The story is accomplished with few subtleties but it is done with such heart, you can’t help but fall in love. Prepare to go on a journey to unearth the unknown “Watermelon Woman.” A fictional 1930’s black actress who captures the inspiration of aspiring black film-maker Cheryl.

Cheryl is an endearing protagonist who is creating a documentary as much for herself as to kickstart her career. She is hopeful, passionate and her documentary offers us genuine yet opposing perspectives; including her own. From small unassured seeds to emerging as a “black lesbian film-maker” Cheryl does not focus on the struggle. She sees “hope, inspiration, possibility and history.” She sees a bright future. And through her film narrative a tale of identity and empowerment is uncovered.

Written, directed and starring Cheryl Dunye, this unpolished film navigates the white hetro-normal worlds of the 30’s and the 90’s with finesse. The style works well, marrying the different qualities of video and filming. It looks at female friendship and homosexual relationships from a human perspective that is both beautifully depicted and refreshing. It is not sensualized. It is genuine. And funny. Very funny. Allowing the audience to meet so many brilliant characters and be privy to an array of candid moments. But also at times hard-hitting perspectives. Whether it be a white lesbian telling Cheryl that the white and black lesbian history archives are “very separate”, or a black woman questioning the inclusion of a white woman in a documentary about the life of her black friend. Filled with these believable fragments of prejudice that can unsettle the viewer, alongside a heartfelt story that resonates with truth and humor. This is why “The Watermelon Woman” is such an important film.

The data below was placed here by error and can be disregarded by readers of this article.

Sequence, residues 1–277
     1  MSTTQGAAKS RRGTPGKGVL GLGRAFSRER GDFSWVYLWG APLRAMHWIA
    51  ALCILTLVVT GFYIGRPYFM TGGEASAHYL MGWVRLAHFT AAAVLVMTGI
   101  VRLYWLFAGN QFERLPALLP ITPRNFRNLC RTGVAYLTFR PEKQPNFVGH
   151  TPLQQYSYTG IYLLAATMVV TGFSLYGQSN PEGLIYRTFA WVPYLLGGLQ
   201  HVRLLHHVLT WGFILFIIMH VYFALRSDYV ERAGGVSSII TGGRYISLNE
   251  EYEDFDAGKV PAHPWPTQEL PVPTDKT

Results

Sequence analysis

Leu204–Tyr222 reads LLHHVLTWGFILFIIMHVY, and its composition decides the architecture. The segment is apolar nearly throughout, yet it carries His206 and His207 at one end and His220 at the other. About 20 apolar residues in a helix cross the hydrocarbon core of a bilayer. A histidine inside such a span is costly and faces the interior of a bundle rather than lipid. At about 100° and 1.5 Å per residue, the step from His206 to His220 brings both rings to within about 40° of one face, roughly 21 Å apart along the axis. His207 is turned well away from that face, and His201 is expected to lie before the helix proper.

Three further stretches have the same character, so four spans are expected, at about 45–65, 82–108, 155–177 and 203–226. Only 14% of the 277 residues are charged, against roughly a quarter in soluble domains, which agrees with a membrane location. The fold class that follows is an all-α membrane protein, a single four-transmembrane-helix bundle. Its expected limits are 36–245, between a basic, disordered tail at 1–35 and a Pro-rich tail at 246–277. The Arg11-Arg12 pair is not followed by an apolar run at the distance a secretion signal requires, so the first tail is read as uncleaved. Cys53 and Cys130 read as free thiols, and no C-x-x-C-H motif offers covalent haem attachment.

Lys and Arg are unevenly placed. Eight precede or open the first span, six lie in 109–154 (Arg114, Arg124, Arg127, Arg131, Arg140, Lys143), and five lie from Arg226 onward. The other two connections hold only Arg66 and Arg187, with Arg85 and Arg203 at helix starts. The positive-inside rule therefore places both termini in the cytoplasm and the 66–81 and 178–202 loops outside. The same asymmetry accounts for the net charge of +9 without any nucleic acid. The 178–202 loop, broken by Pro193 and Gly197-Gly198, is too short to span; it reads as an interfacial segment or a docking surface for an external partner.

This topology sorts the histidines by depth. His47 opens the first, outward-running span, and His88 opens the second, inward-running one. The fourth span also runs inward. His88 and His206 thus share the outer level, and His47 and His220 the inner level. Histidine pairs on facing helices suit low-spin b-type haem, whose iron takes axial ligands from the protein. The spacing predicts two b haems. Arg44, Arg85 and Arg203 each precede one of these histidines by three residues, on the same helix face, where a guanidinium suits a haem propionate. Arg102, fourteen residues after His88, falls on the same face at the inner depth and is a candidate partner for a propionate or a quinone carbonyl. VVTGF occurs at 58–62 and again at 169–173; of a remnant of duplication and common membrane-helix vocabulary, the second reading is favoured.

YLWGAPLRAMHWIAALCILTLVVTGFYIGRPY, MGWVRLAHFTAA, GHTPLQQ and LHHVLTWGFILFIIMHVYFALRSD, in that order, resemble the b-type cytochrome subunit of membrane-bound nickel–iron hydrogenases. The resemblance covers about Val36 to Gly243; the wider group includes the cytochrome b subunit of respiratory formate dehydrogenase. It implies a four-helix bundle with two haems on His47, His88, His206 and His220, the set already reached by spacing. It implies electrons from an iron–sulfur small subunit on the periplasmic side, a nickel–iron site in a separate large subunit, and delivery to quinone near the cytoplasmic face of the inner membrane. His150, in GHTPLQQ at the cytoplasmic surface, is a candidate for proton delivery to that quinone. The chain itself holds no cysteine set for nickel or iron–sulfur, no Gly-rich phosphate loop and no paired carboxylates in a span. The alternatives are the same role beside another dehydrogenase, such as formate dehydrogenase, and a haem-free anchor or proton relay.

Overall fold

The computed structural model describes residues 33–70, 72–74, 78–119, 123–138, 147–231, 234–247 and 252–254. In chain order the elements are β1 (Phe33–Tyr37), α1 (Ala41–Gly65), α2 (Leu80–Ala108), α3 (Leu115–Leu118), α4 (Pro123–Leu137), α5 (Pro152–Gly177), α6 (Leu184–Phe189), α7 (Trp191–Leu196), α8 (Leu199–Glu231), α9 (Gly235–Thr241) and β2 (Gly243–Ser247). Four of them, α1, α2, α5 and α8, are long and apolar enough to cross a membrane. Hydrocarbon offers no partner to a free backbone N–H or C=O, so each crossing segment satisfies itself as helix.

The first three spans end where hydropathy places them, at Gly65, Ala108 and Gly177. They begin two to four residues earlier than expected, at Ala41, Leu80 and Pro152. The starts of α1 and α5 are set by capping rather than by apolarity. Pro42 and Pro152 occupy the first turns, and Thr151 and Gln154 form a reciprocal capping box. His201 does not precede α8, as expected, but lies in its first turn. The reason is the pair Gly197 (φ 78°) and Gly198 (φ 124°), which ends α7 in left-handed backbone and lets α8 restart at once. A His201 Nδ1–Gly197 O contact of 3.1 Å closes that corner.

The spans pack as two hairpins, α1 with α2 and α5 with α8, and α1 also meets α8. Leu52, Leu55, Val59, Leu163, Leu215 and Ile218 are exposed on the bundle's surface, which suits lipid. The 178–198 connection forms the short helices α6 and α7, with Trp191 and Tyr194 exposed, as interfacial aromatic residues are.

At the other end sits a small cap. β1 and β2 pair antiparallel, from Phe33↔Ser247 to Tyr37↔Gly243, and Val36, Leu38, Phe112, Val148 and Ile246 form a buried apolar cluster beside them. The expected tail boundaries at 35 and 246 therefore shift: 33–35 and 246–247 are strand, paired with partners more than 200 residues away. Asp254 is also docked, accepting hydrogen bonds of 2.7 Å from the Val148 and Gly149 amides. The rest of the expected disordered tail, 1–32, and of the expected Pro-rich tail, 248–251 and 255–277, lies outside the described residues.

© Kirsty Blewett 2019

To rediscover The Watermelon Woman in a new 20th Century Edition visit Peccadillo Pictures’ website. 

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Review: One Jewish Boy

Old Red Lion Theatre, London

I took my seat in the Old Red Lion auditorium looking forward to reviewing a queer play for LGBTQ Arts. The lights dimmed and in walked a decidedly heterosexual couple who, for the next eighty minutes, were the only characters on stage. In essence, One Jewish Boy is a very heterosexual play and therein lay so many of the problems for Alex and Jesse as we were shown fragments of their fractured relationship.

This play was strong across the board: Asha Reid and Robert Neumark-Jones gave star performances as the couple. Theirs was a very human story, both having their flaws, but as the drama unravelled Jesse’s trauma and experiences of oppression took over as he failed to process his experiences and became increasingly dependent on Alex to do the emotional work for him. This is sadly a toxic interplay that is all too common in many heteronormative relationships. There were times when I really liked Jesse and could sympathise, and other times when I wanted to tell him to shut the f**k up and to support Alex – that’s when I knew Neumark-Jones was doing a great job. I was blown away by Reid’s ability to portray Alex at different ages and stages of her life – from shy but funny nineteen year old to exasperated businesswoman and mother.